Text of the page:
Learn how to assist library patrons, including self-represented litigants, through legal research instruction, programming, and outreach.
According to the National Center for State Courts, in 76 percent of civil cases in the United States at least one of the parties represents themself. As more people represent themselves in court, more are coming to the library to seek answers to legal questions.
Do you ever feel panicked when someone asks you a legal reference question? Are you are not sure where to look for information or how much information you can provide? What can libraries do to assist self-represented litigants? Deborah Hamilton began her career as a law librarian with no formal legal training. Now, not only does she help people with legal reference questions, but she also provides legal programming and outreach to the community.
Learn the difference between legal information and legal advice as well as how to connect with community groups who provide legal services. In this book, Hamilton teaches librarians how to teach themselves about legal research and resources, as well as offering practical ideas for types of legal programs and outreach that they can proactively offer patrons.
Get ideas for legal programming and outreach to assist patrons with legal questions
Know where to find free legal resources and how to research legal questions
Understand the difference between legal information and legal advice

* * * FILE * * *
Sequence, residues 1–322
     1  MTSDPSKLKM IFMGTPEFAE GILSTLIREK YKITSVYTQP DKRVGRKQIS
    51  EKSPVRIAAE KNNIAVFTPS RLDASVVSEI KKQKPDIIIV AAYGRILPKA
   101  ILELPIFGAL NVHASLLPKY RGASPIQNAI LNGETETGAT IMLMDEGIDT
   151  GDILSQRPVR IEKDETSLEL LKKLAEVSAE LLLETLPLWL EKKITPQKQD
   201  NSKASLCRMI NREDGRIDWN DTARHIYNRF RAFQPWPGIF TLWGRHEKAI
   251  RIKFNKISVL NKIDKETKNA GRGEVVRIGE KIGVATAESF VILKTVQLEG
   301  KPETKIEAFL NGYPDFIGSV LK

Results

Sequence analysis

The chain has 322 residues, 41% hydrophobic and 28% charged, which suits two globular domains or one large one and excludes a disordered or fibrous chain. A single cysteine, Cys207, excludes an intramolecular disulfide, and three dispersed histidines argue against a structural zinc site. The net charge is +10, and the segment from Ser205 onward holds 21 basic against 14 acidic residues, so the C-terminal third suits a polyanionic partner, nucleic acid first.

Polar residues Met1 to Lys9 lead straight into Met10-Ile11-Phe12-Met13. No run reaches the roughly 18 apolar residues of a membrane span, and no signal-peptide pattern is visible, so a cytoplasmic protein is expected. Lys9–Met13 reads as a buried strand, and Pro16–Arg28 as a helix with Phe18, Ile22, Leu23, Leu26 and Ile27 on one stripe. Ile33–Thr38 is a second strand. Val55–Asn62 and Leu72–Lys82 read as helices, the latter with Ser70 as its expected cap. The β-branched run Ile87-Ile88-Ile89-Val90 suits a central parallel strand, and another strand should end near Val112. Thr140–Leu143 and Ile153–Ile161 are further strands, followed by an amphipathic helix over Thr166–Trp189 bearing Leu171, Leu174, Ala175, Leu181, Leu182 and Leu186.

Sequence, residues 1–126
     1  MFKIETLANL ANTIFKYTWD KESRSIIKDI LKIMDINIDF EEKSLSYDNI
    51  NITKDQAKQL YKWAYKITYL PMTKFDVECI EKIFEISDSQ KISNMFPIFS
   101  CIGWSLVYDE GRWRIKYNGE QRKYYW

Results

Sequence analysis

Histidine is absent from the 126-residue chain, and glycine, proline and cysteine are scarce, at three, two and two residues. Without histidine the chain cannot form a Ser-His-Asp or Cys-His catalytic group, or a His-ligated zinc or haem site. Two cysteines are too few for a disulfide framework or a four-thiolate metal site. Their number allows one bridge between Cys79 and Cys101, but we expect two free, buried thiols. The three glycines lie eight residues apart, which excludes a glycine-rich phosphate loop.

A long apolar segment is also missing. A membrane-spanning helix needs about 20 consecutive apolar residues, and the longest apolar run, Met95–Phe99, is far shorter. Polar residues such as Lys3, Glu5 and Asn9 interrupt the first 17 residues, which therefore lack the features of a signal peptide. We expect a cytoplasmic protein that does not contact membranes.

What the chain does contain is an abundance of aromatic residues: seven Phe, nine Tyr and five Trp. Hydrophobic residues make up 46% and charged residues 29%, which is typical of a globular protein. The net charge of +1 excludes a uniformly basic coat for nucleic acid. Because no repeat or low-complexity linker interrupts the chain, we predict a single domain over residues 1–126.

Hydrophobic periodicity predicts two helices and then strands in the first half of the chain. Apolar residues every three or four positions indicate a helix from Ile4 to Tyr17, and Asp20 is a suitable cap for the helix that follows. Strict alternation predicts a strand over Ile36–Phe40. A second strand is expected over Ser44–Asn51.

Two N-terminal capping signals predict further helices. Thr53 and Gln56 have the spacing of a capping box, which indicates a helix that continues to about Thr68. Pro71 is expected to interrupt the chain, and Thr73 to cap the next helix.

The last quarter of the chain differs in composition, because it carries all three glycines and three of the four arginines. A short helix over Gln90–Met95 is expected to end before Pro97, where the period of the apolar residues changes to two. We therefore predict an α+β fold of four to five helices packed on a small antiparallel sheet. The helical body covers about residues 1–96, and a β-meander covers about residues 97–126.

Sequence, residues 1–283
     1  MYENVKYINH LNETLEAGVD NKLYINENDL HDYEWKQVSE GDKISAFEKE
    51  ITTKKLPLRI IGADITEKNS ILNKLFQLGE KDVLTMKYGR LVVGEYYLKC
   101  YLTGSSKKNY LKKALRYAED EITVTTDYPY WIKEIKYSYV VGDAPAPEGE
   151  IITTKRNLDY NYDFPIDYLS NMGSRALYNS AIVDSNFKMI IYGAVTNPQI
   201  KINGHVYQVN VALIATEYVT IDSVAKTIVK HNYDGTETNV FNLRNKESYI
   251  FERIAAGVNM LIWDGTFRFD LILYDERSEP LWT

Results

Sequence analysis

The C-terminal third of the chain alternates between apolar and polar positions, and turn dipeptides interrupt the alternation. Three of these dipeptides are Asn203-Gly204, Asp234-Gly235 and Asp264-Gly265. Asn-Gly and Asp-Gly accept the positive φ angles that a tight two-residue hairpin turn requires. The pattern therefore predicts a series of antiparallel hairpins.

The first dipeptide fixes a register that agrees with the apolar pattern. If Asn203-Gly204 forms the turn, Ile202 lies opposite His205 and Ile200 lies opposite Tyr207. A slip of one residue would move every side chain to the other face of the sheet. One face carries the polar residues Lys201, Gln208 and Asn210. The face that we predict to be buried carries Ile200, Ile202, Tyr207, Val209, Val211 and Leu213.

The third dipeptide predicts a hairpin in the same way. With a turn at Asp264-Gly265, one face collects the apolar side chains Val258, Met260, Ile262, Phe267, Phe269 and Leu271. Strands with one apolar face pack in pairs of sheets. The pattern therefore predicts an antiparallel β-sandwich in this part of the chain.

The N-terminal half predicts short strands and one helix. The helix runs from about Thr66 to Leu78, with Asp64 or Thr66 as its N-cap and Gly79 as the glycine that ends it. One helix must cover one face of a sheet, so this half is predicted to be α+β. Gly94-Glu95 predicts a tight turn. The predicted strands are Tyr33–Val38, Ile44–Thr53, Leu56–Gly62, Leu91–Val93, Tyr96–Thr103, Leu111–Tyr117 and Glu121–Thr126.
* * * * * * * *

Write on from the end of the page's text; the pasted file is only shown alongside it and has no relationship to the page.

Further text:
Learn where to look for and how to connect with community groups who provide legal services
Understand the justice gap and the challenges that patrons face when they represent themselves
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Deborah A. Hamilton is the strategic services librarian who oversees the law collection at Pikes Peak Library District. She has served as president, vice president, and secretary for the Colorado Association of Law Libraries.
"This guide would be helpful to anyone who provides reference services, especially those new to legal reference." - Library Journal "Anyone who wants to be a better librarian or who trains new reference staff on challenges such as
these should get this book!" - Public Libraries "Deborah A. Hamilton's new book sheds light on the access to justice crisis in the American legal system and illustrates valuable strategies for how libraries can help." - Journal of Copyright in Education and Librarianship "This excellent handbook is confidently recommended for any public library without specialized legal-research librarians on staff. Most academic librarians will find it a worthwhile purchase as well." - Booklist